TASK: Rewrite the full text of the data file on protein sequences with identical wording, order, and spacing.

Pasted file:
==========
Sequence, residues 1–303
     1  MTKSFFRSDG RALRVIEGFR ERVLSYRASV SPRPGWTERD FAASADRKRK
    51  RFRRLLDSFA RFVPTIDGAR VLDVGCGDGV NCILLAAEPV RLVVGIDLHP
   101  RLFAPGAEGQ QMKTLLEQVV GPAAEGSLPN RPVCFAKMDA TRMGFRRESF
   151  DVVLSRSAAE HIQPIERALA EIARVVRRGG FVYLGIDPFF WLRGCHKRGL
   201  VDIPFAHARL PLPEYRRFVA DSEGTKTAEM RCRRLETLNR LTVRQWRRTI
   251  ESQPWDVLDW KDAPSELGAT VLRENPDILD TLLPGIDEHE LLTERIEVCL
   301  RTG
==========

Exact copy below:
Sequence, residues 1–303
     1  MTKSFFRSDG RALRVIEGFR ERVLSYRASV SPRPGWTERD FAASADRKRK
    51  RFRRLLDSFA RFVPTIDGAR VLDVGCGDGV NCILLAAEPV RLVVGIDLHP
   101  RLFAPGAEGQ QMKTLLEQVV GPAAEGSLPN RPVCFAKMDA TRMGFRRESF
   151  DVVLSRSAAE HIQPIERALA EIARVVRRGG FVYLGIDPFF WLRGCHKRGL
   201  VDIPFAHARL PLPEYRRFVA DSEGTKTAEM RCRRLETLNR LTVRQWRRTI
   251  ESQPWDVLDW KDAPSELGAT VLRENPDILD TLLPGIDEHE LLTERIEVCL
   301  RTG